When it comes to buying a new car it might seem as though the dealer holds all the cards, but that's not necessarily the case. You can get leverage by controlling the part of the transaction that's most-dear to dealer: the part that involves money.
Auto loans can be confusing because of “zero interest” financing, related fees and the rules that govern the industry, which is actually quite complex. What can you do to protect your interests? Here are strategies to give you a boost when dealing with a dealer:
✓ Save every month for your next car. The more you can put down the lower your monthly payments and total interest you pay.
✓ Check your credit report before shopping for an auto loan. Incorrect or out-of-date information can result in lower credit scores and higher loan rates. Free credit reports are available online from AnnualCreditReport.com.
✓ Look for dealers who offer simple-interest financing.
✓ Search credit unions for fixed-rate, simple interest auto financing and get pre-qualified for a loan. This way you will know what's affordable before you walk into a dealership.
✓ Look for loans with shorter terms – four years rather than five or six. You'll get big interest savings as a result.
✓ When getting a new car, check with auto insurers to see if better rates are available than with used vehicles. The money saved on insurance can go toward car loan payments.
✓ Shop hard. All dealers get new cars from the same factories. If Dealer Smith is difficult, go speak with Dealer Jones. Let dealers compete for your business.
Knowing in advance how much you can spend, having financing in hand and not relying on strange loan formats will give you a huge advantage when it comes to buying a new vehicle, so prepare your finances before you go car shopping – and then enjoy the ride.
Be cautious with ‘zero-interest’ financing
In many car sales today the dealer will offer zero percent interest or a rebate. It's hard to know which is better because the real terms of the deal likely include other factors.
If you have to pay a premium price or receive a low trade-in value to get a zero-interest loan, you may not be ahead with the deal. If you have a choice between zero percent financing and a better price, be sure to run all of the numbers carefully.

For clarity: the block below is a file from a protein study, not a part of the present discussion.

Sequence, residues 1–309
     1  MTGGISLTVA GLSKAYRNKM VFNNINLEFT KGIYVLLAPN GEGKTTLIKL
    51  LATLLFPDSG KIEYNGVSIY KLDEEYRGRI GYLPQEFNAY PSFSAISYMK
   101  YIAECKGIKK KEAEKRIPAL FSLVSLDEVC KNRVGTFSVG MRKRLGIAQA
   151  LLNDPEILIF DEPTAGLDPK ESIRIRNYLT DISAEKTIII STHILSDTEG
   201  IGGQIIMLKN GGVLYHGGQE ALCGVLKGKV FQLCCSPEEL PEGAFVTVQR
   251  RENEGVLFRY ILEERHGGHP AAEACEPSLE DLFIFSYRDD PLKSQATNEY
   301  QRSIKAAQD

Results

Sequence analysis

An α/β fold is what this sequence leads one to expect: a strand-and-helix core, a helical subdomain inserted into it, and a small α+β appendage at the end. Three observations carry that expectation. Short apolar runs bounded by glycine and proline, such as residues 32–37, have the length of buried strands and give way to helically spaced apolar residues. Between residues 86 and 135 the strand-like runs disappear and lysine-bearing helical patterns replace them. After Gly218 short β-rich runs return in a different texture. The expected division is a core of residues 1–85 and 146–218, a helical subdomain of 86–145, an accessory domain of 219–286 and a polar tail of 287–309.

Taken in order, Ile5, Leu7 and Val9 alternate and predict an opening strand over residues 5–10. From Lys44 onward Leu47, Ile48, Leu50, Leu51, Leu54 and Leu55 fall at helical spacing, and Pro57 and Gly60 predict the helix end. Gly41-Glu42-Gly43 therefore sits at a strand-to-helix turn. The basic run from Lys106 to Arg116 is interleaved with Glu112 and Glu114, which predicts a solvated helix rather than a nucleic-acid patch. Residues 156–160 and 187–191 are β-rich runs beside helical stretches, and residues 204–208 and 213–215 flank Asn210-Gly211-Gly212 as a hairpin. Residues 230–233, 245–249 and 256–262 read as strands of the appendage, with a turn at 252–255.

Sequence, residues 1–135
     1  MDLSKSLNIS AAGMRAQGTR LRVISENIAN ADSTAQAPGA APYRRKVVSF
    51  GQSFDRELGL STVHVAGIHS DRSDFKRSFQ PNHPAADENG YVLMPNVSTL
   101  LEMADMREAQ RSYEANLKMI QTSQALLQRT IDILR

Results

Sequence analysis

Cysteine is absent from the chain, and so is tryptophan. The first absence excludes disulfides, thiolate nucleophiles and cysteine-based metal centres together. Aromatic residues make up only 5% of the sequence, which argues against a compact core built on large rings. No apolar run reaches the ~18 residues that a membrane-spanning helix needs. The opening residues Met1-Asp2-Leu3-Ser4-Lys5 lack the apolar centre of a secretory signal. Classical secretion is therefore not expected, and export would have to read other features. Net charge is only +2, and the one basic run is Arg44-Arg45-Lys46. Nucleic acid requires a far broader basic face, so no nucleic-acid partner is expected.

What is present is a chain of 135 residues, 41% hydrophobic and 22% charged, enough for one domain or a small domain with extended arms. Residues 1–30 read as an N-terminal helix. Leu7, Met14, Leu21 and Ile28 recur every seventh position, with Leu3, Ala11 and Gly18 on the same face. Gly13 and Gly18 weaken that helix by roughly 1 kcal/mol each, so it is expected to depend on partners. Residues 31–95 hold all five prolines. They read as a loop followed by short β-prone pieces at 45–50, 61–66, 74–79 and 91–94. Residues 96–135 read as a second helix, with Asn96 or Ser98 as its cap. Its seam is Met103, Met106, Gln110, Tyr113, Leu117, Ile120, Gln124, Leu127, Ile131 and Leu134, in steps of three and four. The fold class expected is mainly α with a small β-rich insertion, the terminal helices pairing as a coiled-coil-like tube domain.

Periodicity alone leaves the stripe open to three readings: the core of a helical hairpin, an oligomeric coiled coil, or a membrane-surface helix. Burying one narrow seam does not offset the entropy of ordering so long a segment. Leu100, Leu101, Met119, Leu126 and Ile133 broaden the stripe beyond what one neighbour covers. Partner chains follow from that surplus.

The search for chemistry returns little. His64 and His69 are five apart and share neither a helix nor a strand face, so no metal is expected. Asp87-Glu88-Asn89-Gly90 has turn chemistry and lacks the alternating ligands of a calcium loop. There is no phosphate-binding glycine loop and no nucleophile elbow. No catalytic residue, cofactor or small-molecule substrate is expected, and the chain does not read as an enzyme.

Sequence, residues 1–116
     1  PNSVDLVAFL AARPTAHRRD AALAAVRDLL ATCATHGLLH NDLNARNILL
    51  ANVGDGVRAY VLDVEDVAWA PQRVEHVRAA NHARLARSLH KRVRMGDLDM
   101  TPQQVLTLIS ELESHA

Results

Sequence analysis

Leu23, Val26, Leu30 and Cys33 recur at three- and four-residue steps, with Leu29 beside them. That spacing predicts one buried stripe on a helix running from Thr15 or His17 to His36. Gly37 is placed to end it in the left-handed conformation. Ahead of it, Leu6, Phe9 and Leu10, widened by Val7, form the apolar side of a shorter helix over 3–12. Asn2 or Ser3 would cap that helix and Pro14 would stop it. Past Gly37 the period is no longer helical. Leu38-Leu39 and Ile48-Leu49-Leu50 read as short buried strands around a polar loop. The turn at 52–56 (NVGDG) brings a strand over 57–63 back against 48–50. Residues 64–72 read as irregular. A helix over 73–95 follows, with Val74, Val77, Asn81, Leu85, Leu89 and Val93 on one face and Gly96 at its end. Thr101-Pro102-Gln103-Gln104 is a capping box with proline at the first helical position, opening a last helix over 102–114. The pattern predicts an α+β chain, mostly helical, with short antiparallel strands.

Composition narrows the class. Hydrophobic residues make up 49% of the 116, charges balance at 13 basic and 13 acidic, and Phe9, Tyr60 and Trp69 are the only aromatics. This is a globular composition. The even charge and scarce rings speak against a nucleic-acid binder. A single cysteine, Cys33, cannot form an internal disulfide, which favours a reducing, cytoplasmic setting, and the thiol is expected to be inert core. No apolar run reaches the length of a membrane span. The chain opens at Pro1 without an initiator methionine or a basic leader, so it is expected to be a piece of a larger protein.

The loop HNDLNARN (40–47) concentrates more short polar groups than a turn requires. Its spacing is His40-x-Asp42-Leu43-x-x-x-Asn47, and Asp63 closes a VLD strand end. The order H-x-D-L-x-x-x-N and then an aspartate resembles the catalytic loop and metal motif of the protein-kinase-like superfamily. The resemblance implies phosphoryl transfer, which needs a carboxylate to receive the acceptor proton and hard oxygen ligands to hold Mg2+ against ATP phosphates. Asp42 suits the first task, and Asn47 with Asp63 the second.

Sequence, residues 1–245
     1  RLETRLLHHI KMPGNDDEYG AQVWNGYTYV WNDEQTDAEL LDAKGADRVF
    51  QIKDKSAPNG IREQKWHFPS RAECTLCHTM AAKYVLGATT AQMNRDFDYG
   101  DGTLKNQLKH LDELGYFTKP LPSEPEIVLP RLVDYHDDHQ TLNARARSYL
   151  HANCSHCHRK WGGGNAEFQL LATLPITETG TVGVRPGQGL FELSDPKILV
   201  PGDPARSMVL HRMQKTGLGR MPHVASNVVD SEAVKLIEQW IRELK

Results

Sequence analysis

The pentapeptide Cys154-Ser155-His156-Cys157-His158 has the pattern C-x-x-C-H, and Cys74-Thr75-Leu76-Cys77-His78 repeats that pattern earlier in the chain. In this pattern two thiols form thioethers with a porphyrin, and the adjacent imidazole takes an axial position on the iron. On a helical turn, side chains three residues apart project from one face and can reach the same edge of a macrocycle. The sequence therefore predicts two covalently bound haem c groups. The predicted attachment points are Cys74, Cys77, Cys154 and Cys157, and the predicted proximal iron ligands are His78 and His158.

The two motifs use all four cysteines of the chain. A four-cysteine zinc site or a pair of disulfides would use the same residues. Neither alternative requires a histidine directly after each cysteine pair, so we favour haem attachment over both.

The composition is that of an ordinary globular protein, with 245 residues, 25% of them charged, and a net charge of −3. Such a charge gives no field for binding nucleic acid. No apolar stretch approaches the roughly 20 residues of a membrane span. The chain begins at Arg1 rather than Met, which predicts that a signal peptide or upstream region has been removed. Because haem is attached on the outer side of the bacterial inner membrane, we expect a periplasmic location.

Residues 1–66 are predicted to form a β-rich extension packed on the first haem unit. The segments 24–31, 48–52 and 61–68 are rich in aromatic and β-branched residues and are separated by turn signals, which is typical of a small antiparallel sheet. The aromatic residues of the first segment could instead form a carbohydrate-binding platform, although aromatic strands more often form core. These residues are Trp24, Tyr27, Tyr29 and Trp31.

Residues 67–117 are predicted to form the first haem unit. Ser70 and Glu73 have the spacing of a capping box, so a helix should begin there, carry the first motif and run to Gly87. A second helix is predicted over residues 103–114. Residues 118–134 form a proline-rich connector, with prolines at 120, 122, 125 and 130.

For example, if you buy a car for $25,000 at zero percent interest over 48 months, you’ll pay $520.84 a month for a total of $25,000, not including fees and taxes, etc.
If you buy the same car for $22,000 at 5% interest, you’ll pay $506.64 for a total of $24,270, not including fees and taxes, etc.
That’s a savings of $730 total along with the lower payment each month. And if you pay off the loan earlier than four years, you will save even more money by limiting the interest.
For a proper comparison, have the dealer run both loan options and give you the amortization statements, monthly payments, fees, and total amounts for each.
Also, if you borrow $25,000 at zero percent interest, the cost of financing should be, well, zero, right? But a closer look at the deal may show something else, perhaps a “processing fee” equal to $20 per $1,000 in financing. With a $25,000 loan, that's a $500 charge.
And there may be an assortment of other extra charges and fees. The Center for Responsible Lending has a calculator to help you estimate dealer extras.
Where Are The Regulators?
At this point you may be wondering why consumers don't have more protection in the auto finance marketplace. While mortgage loans are closely regulated under Wall Street Reform, auto loans are not. Is the lack of regulation a problem? You bet.
Millions of Americans “are easily obtaining auto loans from used-car dealers, including some who fabricate or ignore borrowers’ abilities to repay,” says The New York Times. “The loans often come with terms that take advantage of the most desperate, least-financially-sophisticated customers. The surge in lending and the lack of caution resemble the frenzied subprime mortgage market before its implosion set off the 2008 financial crisis.”Call today for more information.